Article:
Control of Cortical Inputs to the Ventral Striatum by Dopamine: Effects on Weak and Strong Inputs

Grant Type
Grant Year
Institution Location
Institution Organization Name
Albany Medical College
Investigators Name
Gruber, Aaron, PhD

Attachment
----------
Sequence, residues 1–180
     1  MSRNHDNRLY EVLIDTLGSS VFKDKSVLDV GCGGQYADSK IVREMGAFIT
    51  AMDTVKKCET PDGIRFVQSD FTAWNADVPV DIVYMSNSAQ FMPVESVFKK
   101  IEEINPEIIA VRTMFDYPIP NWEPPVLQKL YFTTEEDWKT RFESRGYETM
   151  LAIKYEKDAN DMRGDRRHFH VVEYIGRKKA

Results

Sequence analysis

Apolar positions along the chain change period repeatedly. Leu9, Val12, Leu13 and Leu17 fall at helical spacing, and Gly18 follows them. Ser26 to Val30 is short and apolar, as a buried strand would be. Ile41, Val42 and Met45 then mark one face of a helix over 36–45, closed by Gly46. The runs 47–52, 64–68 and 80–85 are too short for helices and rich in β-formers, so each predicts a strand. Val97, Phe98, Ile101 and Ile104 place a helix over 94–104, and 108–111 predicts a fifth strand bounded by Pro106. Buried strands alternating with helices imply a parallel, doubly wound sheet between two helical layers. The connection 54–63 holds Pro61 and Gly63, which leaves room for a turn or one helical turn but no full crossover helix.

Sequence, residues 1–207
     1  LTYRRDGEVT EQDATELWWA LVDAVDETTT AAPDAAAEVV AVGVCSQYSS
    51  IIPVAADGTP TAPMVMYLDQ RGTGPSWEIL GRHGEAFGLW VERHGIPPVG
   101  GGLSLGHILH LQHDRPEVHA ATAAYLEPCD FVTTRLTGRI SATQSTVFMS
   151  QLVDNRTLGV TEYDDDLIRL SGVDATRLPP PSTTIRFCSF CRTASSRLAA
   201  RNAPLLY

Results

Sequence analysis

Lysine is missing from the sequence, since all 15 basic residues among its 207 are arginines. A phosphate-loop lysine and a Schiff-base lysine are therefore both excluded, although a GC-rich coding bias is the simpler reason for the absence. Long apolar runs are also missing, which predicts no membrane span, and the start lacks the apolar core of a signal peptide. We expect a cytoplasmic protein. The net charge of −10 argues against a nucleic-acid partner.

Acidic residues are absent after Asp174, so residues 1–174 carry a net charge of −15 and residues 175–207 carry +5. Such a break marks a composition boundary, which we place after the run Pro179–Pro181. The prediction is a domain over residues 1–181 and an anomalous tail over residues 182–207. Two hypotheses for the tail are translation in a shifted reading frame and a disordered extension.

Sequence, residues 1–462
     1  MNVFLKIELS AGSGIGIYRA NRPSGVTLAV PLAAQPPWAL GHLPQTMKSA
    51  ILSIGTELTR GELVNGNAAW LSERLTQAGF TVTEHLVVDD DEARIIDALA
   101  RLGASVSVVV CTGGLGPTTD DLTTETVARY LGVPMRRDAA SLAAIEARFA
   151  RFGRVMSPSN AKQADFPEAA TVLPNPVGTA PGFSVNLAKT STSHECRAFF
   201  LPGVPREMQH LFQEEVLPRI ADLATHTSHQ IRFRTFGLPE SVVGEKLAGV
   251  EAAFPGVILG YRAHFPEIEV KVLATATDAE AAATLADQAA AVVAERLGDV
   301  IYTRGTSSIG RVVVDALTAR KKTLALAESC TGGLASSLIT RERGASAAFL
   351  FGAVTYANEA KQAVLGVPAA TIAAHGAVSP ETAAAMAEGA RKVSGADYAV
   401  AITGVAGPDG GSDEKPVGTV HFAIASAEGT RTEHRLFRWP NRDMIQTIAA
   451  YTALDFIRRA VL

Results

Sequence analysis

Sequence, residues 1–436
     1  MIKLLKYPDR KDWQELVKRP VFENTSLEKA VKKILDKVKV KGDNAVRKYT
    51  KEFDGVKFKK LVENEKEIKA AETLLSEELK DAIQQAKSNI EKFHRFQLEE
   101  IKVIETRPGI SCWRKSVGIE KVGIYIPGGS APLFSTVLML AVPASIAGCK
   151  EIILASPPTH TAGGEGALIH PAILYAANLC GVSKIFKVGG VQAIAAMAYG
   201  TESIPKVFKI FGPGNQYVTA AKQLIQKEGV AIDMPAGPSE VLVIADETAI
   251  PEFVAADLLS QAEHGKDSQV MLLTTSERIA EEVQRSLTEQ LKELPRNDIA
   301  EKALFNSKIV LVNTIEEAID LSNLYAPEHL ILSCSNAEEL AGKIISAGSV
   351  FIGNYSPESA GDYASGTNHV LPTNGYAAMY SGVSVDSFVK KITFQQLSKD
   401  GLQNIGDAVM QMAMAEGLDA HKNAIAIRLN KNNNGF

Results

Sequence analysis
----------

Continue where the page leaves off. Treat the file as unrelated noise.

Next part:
Many medications used in the treatment of TS target dopamine transmission. However, the mechanisms by which these drugs inhibit unwanted motor and cognitive activity are poorly understood. A better understanding may be an important step for the development of more effective treatments. The link between dopamine and the phenomenology of TS is obscured not only by the complexity of dopaminergic actions in the brain, but also by our rudimentary understanding of how information is processed in brain regions involved in the planning of movements. Two key neural regions are the prefrontal cortex and the basal ganglia, which are thought to be important for both planning desired movements and also for inhibiting unwanted actions. This project will investigate how signals from the cortex are processed in the nucleus accumbens, an important input region of the basal ganglia, and how this processing is affected by dopamine. The focus will be to investigate how dopamine and local inhibition in the accumbens shape the responses to bursting cortical inputs. In particular, this project will test the popular view that dopamine enhances neural processing by selectively suppressing weak ‘noise-related’ activity while allowing strong ‘signal-related’ activity to persist. An imbalance in this process of selective suppression of neural activity may play a role in the motor tics associated with TS. The ability of dopamine to shape neural responses in the accumbens may be altered by drugs that target dopamine receptors, such as D2 receptor antagonists used to aid the suppression of tics in TS. The effects of this class of drug on the activity in the accumbens will be explored in an attempt to link the administration of clinically useful drugs to an alteration in neuronal signaling. Aaron J. Gruber, Ph.D. Albany Medical College, Albany, New York Award: $38,000 In Memory of Jackie Aron for Her Generous and Long-Time Support of the Tsa Research Program Tourette Association of America Inc. – Research Grant Award 2005-2006